This one was the hardest list so far. I need darkness and a sense of loss emoted from my doom. Though there is a far wider range of emotions expressed in the following albums, drugged bliss, anger, and introspective melancholy are a few of the more prominent ones. Some have a dash of death metal to them, others shoe-gaze or blues. Funeral doom is my favorite sub-genre, and there is a fair showing of that. Some bands you might have expected to see here could be popping up on other lists to some extent, as their sound has changed. When it came to ranking my top ten doom metal albums of the year, it came down to which albums I have listened to more and see myself continuing to go back to.
10. Swallow the Sun – “Songs From the North”
In today’s iPod-shuffling and ADD culture, a double album is ambitious, and even becoming an obscure phenomenon as more artists are reluctant even to invest in more than an EP with today’s diminishing record sales. Swallow the Sun took a step in an even bolder direction by putting out a triple album. The three albums offer a wide range of tastes into the varied sub-genres doom touches upon, even mellowing out into a more prog direction.
(For the fifth year in a row, I invited my friend Johan Huldtgren of the Swedish black metal band Obitus — whose latest release appears on one of 2014’s Elemental Nightmares splits (here) — to share with us his year-end list. Once again, he agreed. This list previously appeared on Johan’s blog.)
The year is once again coming to a close, and as tradition would dictate I find myself scrambling to get this list together. When looking out at all the other lists published so far, I realize how little new music I’ve managed to listen to over the past year. I find myself with the same excuses as in years past — the fucking day job, travel, and other obligations. I did however manage to scrounge up ten releases I thought worthy of inclusion in an end of year list.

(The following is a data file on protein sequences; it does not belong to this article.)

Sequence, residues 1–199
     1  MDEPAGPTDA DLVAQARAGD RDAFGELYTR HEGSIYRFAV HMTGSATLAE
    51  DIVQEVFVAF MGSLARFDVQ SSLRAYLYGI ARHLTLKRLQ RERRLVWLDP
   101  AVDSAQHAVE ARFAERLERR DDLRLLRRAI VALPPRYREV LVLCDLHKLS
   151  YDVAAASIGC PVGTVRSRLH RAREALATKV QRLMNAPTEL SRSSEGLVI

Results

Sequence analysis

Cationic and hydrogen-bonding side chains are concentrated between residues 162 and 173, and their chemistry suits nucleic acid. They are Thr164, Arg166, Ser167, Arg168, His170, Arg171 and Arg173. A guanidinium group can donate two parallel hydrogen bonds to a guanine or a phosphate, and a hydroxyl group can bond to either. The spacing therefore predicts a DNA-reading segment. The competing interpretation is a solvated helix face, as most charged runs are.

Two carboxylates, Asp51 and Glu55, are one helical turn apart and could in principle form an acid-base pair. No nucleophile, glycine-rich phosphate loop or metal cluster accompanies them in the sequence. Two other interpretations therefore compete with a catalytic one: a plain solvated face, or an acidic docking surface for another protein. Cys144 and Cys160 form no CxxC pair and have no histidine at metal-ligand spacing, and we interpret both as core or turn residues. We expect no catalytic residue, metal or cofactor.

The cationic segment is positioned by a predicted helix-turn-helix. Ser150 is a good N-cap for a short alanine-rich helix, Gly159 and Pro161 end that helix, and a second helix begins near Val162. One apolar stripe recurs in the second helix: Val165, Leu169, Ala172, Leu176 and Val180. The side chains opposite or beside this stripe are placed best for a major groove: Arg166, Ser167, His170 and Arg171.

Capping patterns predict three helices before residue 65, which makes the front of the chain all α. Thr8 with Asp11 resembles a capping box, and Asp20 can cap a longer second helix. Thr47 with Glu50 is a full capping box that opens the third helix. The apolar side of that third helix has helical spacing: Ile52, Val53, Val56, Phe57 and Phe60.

Like a lot of people, I spent most of my music-listening time yesterday with Motörhead. For the hell of it, I also spent time listening to metal bands covering Motörhead songs. A lot of bands have done that. Out of the many covers I listened to, damned few of them are quite as good as the originals, and at least to my ears, none of them is better.
However, having invested the time hunting for covers that breathed some kind of different life into the classic originals, I decided to put them all here — the good ones and the so-so ones — by these bands: Satyricon, Sepultura, Ringworm (with guest vocals by Barney Greenway), Korpiklaani, Sodom, Machetazo, Avulsed, Overkill, Metallica, Horna, Kvelertak, Warbringer, and Krisiun.
But before I get to those, I’m starting with one that’s definitely a success. It’s a cover of “Orgasmatron” that Integrity released just yesterday on Bandcamp (here).